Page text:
steve at REMOVETHIScyber.com.au
Wed Dec 28 05:38:01 CET 2005
On Tue, 27 Dec 2005 21:35:46 -0600, news wrote:
>> Sometimes putting import statements at the beginning is not feasible
>> (i.e. only when some condition has been met), as importing has some
>> impact on program execution (importing executes code in imported
>> module). This does not resemble Java imports (I don't know Perl).
> Wow ?! I've only started looking at python but that sounds like very
> dangerous programming ! Can you give an example.
Dangerous? Why? What's the worst that can happen in:
that can't happen with this?
> BTW this topic relates to a recent point raised by the C man's
> [I think Richie, dated ca. 1973] crit of Pascal. He said that
> Pascal's restriction of not being able to declare globals, near
> where they were needed, was bad. And I thought so too, before I
> considered that the programmer must KNOW that they are global.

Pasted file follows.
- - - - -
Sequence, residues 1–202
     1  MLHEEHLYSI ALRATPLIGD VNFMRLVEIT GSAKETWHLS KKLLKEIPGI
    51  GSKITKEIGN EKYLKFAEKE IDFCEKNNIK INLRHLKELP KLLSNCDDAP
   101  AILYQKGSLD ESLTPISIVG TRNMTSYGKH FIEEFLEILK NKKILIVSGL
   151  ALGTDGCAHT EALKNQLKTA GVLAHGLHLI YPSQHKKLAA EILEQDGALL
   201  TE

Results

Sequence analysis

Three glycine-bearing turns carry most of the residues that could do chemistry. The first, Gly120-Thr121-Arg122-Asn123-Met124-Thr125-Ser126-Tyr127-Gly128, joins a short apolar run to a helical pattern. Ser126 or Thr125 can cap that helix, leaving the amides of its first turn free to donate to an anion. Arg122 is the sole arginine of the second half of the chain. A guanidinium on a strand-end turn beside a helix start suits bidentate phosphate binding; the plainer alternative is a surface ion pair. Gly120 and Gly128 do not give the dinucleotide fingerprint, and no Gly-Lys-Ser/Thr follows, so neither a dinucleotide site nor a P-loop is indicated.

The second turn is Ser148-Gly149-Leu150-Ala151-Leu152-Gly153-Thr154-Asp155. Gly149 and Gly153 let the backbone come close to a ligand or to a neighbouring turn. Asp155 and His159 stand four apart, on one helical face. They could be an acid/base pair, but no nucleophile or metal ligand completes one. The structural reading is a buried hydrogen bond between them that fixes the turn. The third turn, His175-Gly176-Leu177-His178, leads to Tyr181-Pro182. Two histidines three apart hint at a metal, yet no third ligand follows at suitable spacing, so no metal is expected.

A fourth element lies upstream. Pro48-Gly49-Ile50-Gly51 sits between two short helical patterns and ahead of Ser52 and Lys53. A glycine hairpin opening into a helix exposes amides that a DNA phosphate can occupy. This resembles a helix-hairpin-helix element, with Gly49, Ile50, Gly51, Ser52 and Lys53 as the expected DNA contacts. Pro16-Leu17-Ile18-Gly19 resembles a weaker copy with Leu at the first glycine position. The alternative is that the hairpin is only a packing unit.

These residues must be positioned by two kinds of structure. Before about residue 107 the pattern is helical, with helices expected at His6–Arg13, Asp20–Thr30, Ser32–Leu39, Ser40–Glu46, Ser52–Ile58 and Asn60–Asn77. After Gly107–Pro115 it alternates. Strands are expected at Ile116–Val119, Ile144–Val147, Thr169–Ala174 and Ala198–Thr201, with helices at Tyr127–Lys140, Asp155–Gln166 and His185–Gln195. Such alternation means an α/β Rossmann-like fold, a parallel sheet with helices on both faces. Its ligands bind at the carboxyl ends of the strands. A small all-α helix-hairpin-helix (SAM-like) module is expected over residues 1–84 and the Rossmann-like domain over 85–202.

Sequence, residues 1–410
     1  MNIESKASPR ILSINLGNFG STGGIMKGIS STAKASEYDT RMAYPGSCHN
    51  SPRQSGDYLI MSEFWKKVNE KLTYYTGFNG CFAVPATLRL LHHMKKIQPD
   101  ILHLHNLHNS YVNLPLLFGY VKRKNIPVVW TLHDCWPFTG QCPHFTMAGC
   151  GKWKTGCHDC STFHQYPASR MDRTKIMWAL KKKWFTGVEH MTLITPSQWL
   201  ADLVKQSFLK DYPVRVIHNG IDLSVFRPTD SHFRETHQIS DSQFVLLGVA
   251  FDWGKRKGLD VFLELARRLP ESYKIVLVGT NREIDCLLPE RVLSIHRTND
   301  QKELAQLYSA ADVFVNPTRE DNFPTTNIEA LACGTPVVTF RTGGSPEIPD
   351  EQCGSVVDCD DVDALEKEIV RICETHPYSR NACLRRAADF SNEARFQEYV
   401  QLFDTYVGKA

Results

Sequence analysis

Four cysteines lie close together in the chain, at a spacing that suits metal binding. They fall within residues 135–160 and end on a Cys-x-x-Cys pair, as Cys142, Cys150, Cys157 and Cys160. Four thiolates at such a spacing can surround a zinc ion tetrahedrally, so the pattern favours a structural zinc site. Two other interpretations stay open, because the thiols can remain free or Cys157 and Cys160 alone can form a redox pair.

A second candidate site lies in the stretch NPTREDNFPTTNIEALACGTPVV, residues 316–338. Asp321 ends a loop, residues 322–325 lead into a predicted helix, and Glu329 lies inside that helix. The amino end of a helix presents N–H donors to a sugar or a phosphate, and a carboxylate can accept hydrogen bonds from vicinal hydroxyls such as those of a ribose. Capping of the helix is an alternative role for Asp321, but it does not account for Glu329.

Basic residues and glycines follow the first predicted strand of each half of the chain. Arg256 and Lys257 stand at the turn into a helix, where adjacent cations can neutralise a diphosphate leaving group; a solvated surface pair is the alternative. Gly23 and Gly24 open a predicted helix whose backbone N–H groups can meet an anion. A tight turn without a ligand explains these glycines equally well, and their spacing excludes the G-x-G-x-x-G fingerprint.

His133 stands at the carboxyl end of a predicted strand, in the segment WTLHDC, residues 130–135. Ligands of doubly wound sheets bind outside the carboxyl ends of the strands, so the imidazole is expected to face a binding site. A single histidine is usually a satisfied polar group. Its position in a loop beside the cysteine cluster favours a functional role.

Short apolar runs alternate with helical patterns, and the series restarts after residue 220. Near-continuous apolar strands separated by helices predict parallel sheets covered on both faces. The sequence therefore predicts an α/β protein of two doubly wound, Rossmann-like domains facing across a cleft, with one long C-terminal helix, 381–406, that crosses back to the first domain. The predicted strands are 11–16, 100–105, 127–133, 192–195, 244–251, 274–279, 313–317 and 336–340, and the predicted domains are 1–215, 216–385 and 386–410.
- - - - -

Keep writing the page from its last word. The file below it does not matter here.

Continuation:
> Ie. the ability to declare them at a 'nice' place is just syntactic
> sugar, hiding the reality the globals are bad, and have to be avoided
> and respected.
But Pascal still allows you to use globals.
"Avoid globals" is excellent advise and a good guideline, but if you want
a Bondage and Domination language that prohibits them, Python is not the
language for you.
Look at it this way: the Python interactive interpreter is perhaps the
single most useful feature of Python. You want to be able to use import in
interactive sessions, right? You want to be able to do this:
py> x = 32.2/4.5
py> math.log(x) # oops, forgot to import math first...
Traceback (most recent call last):
File "<stdin>", line 1, in ?
NameError: name 'math' is not defined
py> import math
without having to exit the session, restart, and import everything you
think you might need.
So Python has to allow imports in the middle of code. So why enforce the
guideline "all imports at the beginning of a module or script"? A module
is just another object in Python, why treat it differently from other
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